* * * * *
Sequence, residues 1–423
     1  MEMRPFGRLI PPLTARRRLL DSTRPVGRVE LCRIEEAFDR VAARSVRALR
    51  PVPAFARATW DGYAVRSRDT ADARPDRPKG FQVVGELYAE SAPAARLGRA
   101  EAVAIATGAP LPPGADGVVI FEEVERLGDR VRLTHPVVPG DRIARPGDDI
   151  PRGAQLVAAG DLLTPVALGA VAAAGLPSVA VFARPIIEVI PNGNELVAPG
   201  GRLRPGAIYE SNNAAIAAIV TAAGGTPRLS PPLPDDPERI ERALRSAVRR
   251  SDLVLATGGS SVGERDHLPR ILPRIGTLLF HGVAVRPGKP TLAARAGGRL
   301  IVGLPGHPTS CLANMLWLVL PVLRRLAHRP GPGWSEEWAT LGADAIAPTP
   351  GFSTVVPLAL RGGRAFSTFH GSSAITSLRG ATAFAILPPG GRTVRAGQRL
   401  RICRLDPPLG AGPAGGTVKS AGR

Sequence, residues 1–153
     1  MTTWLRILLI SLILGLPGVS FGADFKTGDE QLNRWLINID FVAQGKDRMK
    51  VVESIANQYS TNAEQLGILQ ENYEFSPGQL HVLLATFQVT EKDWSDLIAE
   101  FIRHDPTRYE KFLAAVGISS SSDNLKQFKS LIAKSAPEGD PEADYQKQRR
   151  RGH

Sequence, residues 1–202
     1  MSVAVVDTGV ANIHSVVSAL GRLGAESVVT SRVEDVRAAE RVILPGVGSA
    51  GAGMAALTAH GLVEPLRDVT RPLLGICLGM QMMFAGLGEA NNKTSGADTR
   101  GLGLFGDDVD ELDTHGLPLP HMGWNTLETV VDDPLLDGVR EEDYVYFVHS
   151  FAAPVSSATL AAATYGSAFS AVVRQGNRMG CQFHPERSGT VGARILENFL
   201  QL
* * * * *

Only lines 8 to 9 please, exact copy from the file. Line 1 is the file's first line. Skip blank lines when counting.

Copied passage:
   301  IVGLPGHPTS CLANMLWLVL PVLRRLAHRP GPGWSEEWAT LGADAIAPTP
   351  GFSTVVPLAL RGGRAFSTFH GSSAITSLRG ATAFAILPPG GRTVRAGQRL